Whilst the details of the process vary from jurisdiction to jurisdiction, the intention is to provide applicants with a means of efficiently advancing prosecution of corresponding applications in participating parties. At the heart of the process, from a patent office perspective, is the ability to reduce duplication of work. This requires the reliance on the work product of other participants. Effectively, this reduces the resources that a patent office requires to examine applications which have already been examined overseas.
IP Australia became an early participant in the PPH process. Following a successful pilot program with the USPTO, which commenced on 14 April 2008, Australia joined the Global PPH (GPPH). The GPPH initially covered Canada, US, Japan, South Korea, Denmark, Finland, Great Britain, Iceland, Norway, Portugal, Spain and Russia. Subsequently, the New Zealand jurisdiction was added, along with a raft of other particpants.
Although the European Patent Office (EPO) is notably absent from the list of GPPH participants, fortuitously, IP Australia entered into a bilateral agreement with the EPO on 1 July 2016 in order to fast-track patent applications. This agreement provided for a trial period of three years. Given the global significance of the EPO, this was a very welcome and positive development.
To expedite examination via the GPPH or the EPO-IP Australia bilateral agreement, an Applicant needs to meet the following requirements:
It is evident that compliance with the aforementioned requirements is relatively minimal. Moreover, once the 'at least one claim allowable' criterion is met, an applicant is free to amend the claim set as desired. Naturally any such claim amendment must be supported by the description.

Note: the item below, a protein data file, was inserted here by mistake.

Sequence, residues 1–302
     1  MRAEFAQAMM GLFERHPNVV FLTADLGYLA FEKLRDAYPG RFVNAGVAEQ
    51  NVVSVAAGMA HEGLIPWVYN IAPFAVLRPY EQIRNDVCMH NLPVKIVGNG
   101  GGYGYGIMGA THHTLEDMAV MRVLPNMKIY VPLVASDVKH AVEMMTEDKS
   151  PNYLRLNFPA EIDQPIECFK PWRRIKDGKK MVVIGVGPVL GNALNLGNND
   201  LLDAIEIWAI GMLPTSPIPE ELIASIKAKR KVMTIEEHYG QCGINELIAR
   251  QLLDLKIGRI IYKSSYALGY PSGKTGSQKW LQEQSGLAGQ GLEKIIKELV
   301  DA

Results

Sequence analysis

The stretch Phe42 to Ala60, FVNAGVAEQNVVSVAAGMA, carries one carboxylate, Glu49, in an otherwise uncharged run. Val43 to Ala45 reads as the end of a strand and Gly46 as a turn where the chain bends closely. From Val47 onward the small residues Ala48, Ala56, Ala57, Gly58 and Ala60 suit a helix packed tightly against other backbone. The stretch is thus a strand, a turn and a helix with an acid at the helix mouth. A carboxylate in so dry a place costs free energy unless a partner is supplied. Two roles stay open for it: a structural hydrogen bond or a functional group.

How the claims may be amended ought to be determined on a case-by-case basis. Nevertheless, we recommend a review of the language of all claims to ensure compliance with Australian practice. This should occur even if all of the claims are allowable. Formal amendments, such as the introduction of multiply dependant claims, should also be undertaken. It may also be appropriate to introduce further independent claim categories. The purpose of the review is to minimise objections to improve the efficiency of prosecution and obtain the best scope of protection.
Once an application is found by IP Australia to be formally compliant, an official action will issue usually within one month. These are prosecuted in the usual way, that is, an applicant is provided with a 12 month period to overcome any objections and obtain acceptance (allowance) of an application.
Greater than 95% of applications are found to have allowable claims at the first official action stage. Indeed, for those cases where the claims have been reviewed and amended, it is usual to obtain allowance of all claims at the first official action stage. As will be appreciated, this is a very efficient process and one that is highly cost-effective.
On 1 July 2019 it was announced that the PPH trial between IP Australia and the EPO would continue for a further three years. Additionally, the original GPPH program with the other participant IP offices continues with no indication of curtailment.
This is indeed very good news as applicants will continue to be able to access and gain the benefits of the generous PPH programs operated by IP Australia.